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PLoS One


We examined whether pairing pregnant women with community health workers improved pregnancy outcomes among 254 Black women with singleton pregnancies participating in the Women-Inspired Neighborhood (WIN) Network: Detroit using a case-control design. A subset (N = 63) of women were recontacted and asked about program satisfaction, opportunities, and health behaviors. Michigan Vital Statistics records were used to ascertain controls (N = 12,030) and pregnancy and infant health outcomes. Logistic and linear regression were used to examine the association between WIN Network participation and pregnancy and infant health outcomes. The WIN Network participants were less likely than controls to be admitted to the neonatal intensive care unit (odds ratio = 0.55, 95% CI 0.33-0.93) and had a longer gestational length (mean difference = 0.42, 95% CI 0.02-0.81). Community health workers also shaped participants' view of opportunities to thrive. This study demonstrates that community health workers can improve pregnancy outcomes for Black women.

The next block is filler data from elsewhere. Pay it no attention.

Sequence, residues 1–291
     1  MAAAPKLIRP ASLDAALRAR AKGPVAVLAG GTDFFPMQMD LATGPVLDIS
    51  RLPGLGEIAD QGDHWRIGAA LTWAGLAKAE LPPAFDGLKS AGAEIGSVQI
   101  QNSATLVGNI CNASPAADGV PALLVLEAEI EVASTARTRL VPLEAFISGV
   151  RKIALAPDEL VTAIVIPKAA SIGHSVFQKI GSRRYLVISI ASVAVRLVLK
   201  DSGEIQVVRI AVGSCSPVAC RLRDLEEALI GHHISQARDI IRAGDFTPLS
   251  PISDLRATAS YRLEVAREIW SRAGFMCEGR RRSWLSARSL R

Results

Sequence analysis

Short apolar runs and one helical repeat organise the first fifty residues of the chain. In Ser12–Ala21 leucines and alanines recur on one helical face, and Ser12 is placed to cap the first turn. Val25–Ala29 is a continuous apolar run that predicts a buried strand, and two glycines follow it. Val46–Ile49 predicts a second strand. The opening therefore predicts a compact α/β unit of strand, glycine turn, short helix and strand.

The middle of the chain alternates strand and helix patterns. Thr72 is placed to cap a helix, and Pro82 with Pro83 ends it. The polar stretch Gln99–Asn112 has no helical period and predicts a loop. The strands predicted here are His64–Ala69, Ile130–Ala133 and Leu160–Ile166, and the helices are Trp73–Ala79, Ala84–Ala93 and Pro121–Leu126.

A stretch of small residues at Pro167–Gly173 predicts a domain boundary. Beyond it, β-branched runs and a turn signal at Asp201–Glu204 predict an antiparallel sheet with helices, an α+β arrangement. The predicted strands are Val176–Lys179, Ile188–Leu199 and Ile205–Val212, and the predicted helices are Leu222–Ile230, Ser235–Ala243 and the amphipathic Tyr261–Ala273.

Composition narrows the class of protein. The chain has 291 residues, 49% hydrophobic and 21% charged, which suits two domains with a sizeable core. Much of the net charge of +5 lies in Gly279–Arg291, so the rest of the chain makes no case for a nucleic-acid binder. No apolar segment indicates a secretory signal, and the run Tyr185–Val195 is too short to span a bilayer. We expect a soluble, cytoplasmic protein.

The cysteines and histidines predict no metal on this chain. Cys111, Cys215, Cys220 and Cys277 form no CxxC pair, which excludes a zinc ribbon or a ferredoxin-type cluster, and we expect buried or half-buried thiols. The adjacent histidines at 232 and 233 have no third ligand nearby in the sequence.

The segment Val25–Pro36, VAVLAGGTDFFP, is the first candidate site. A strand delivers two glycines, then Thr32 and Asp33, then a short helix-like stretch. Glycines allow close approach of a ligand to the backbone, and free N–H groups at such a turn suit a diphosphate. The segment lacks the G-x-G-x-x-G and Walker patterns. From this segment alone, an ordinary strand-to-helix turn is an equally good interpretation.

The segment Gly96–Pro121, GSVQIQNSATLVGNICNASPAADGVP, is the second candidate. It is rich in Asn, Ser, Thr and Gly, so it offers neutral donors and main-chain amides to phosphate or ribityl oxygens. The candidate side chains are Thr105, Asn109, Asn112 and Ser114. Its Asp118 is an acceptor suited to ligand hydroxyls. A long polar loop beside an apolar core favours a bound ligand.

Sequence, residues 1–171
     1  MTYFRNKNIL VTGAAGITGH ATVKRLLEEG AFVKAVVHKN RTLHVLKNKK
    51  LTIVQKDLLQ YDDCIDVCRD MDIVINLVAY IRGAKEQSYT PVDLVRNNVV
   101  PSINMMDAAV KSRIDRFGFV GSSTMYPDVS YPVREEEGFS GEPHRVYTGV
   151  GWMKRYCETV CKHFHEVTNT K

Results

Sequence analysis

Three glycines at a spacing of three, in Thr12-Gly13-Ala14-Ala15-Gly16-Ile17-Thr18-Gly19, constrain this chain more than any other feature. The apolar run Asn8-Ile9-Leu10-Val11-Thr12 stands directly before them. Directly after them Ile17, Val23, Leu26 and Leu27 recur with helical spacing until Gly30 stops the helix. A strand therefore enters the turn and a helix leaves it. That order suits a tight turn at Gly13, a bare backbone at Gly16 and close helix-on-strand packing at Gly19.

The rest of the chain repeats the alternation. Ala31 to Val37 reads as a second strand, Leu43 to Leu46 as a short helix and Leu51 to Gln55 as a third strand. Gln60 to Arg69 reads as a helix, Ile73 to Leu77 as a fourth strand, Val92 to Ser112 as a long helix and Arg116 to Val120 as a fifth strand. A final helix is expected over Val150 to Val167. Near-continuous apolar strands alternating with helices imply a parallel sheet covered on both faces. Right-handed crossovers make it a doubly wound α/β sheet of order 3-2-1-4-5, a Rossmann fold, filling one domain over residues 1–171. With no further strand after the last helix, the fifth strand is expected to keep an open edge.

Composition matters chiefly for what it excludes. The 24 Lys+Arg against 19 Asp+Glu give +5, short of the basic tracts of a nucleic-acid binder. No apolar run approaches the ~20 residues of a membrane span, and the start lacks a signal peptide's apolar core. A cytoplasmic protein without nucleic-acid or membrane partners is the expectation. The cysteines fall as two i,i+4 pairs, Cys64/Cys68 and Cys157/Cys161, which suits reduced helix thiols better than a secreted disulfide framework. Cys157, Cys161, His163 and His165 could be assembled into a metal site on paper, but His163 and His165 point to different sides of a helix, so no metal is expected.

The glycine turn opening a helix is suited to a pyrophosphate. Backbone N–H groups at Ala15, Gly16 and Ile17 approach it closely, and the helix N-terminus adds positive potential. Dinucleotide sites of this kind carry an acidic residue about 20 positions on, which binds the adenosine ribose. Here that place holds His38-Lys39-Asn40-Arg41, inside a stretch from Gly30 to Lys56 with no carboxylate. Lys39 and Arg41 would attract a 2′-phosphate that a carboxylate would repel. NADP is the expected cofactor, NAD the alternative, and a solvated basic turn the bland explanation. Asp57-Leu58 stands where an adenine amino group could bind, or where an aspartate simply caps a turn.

Medical Subject Headings

Infant, Newborn; Infant; Pregnancy; Humans; Female; Community Health Workers; Pregnancy Outcome; Michigan; Intensive Care Units, Neonatal; Odds Ratio

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